Secure Hash Algorithm 1 is also known as sha1, and Md5 stands for Message Digest 5. Both of them are employed to encrypt strings. It takes time to decrypt a string once it has been encrypted. When storing passwords in the database, Md5 and sha1 are very helpful. We’ll talk about PHP Security Function today.
What security features does PHP offer?
- An illustration of PHP security functions
- What is Covered in This PHP Security Tutorial?
- Keep PHP updated.
- Site-to-site scripting (XSS).
- Attacks using SQL Injection.
- counterfeit cross-site requests XSRF/CSRF.
- Stealing a session.
- Files can be hidden from the browser.
- Upload files safely.
- Use HTTPs SSL certificates.
What is security in PHP?
Since PHP is so widely used, PHP security is crucial and there are many PHP applications that are weak. The majority of PHP web applications incorporate scripts or pieces of code from other web applications. All the applications using the shared piece of code are also vulnerable if that vulnerability is discovered.
Potential security threats:
Basically, there are two types of people who can attack your system.
- Hackers: people who want to access unauthorized data or cause the application to malfunction.
- Users: they might mistakenly enter incorrect information in forms, which could harm a website or web application.
The types of attacks that we should watch out for are as follows.
In this kind of attack, malicious code is appended to SQL statements.
Either user input forms or URLs with variables are used for this.
The condition in the WHERE clause of a SQL statement is commented in the appended code. The code at the end can also;
- Add a condition that is true no matter what.
- a table’s data can be deleted.
- correct information in a table.
- Typically, this kind of attack is used to access an application without authorization.
- Obtain private information, such as cookie information.
- send the user to an alternative URL.
- PHP code injection, shell injection, email injection, script source code disclosure, and other threats are possible.
Best practices for securing PHP applications, given below:
This feature is helpful in defending our applications against threats like cross-site scripting.
<?php $user_input = "site GeektoCode"; echo "<h4>My System</h4>"; echo $user_input; ?>
Browse to the URL after saving secure.php to the htdocs folder: http://localhost/htdocs/secure.php
OUTPUT: My System site GeektoCode
Consider that you were given the following as user input <script>alert(‘I hate your website.!’);</script>
<?php $user_input = "<script>alert(' I hate your website.!');</script>"; echo "<h4>My Commenting System</h4>"; echo $user_input; ?>
Browse to the URL http://localhost/htdocs/secure.php
Let’s now use the strip_tags function to protect our application from such attacks.
<?php $user_input = "<script>alert('I hate your website.!');</script>"; echo "<h4>MySystem</h4>"; echo strip_tags($user_input); ?>
Browse to the URL http://localhost/htdocs/secure.php
OUTPUT: MySystem alert('I hate your website.!');
PHP filter_var function
Data validation and sanitization are done with the filter_var function.
Validation determines whether the data is the appropriate type. When a string is subjected to numeric validation, a false result is produced.
An illegal character is sanitized out of a string.
For a complete reference on filter_var, visit this link.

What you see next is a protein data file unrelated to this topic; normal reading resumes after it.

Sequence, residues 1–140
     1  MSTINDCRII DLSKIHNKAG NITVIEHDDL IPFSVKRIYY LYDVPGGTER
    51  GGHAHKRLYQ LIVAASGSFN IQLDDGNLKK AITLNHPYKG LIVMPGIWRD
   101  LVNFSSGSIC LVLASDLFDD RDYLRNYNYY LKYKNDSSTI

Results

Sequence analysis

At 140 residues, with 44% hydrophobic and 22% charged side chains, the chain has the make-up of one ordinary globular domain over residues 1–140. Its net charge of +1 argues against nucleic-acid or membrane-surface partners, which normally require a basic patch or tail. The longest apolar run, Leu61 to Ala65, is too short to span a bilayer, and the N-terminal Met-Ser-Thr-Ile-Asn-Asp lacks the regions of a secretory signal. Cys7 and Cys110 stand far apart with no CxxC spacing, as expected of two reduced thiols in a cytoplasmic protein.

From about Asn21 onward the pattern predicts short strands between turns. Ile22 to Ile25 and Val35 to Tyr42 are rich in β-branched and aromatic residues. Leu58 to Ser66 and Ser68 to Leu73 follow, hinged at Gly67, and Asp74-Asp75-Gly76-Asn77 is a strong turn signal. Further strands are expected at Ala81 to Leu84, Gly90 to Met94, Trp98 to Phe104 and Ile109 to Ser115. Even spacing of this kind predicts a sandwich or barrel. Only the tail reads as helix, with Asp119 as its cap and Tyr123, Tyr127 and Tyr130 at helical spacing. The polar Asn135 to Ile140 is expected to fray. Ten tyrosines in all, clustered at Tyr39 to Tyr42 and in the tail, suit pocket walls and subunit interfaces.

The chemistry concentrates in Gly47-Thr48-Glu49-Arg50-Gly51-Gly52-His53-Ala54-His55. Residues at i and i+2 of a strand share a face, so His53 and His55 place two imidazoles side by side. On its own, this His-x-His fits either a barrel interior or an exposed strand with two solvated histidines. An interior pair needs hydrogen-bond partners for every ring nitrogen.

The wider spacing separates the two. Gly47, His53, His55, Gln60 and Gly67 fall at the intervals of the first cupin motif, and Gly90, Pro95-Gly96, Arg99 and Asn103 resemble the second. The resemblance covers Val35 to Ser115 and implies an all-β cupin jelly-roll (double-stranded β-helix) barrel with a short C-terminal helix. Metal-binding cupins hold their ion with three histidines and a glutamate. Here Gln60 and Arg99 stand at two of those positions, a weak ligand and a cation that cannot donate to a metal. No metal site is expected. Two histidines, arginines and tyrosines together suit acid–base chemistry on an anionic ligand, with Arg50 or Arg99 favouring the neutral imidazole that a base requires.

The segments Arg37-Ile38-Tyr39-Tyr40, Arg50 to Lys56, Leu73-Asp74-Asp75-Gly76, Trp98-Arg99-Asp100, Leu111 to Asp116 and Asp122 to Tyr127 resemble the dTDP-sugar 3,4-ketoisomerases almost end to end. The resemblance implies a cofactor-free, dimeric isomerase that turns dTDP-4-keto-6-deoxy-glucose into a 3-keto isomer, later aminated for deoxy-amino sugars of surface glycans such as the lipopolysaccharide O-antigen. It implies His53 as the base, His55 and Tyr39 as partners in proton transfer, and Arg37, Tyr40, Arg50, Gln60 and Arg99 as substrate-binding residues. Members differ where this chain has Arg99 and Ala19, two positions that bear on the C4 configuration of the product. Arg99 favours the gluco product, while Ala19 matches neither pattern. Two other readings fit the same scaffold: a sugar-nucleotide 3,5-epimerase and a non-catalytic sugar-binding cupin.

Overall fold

The commenting system is covered by the code.
Tags are stripped using the filter_var function and the FILTER_SANITIZE_STRIPPED constant.
<?php $user_input = "<script>alert(' I hate your website.!');</script>"; echo filter_var($user_input, FILTER_SANITIZE_STRIPPED); ?>
OUTPUT: alert(' I hate your website.!');
the function mysqli_real_escape_string An application is shielded from SQL injection using this function.
Assume we have the SQL statement listed below to validate the user ID and password.
<?php SELECT uid,pwd,role FROM users WHERE uid = 'admin' AND password = 'pass'; ?>
The user id text box accepts the following code when entered by a malicious user. “Enter Geek123 in the password text box OR 1 = 1.” Let’s programme the authentication module.
<?php $uid = "' OR 1 = 1 -- "; $pwd = "Geek123"; $sql = "SELECT uid,pwd,role FROM users WHERE uid = '$uid' AND password = '$pwd';"; echo $sql; ?>
The final outcome will be
SELECT uid,pwd,role FROM users WHERE uid = '' OR 1 = 1 -- ' AND password = '1234';
The above query will produce a list of all users. Now let’s secure our login module using the mysqli_real_escape_string function.
<?php $uid = mysqli_real_escape_string("' OR 1 = 1 -- "); $pwd = mysqli_real_escape_string("Geek123"); $sql = "SELECT uid,pwd,role FROM users WHERE uid = '$uid' AND password = '$pwd';"; echo $sql; ?>
The code above will produce: SELECT uid,pwd,role FROM users WHERE uid = '\' OR 1 = 1 -- ' AND password = 'Geek123';
For our benefit, the second single quote has been escaped; it will be regarded as a component of the user id and the password won’t be commented.
PHP Md5 and PHP sha1
Secure Hash Algorithm 1 is also known as sha1, while Message Digest 5 is referred to as Md5.
Both of them are employed to encrypt strings.
It takes time to decrypt a string once it has been encrypted.
When storing passwords in the database, Md5 and sha1 are very helpful.
Md5 and sha1 are implemented in the code below.
<?php echo "MD5 Hash: " . md5("password"); echo "SHA1 Hash: " . sha1("password"); ?>
OUTPUT: MD5 Hash:5feesdvfed46gdjf98tftqwmj SHA1 Hash: 5f5s7666fed6t46gdjf98t7dfhsd5adshv
As you can see from the hashes above, even if an attacker managed to access your database, they wouldn’t be able to log in because they wouldn’t know the passwords.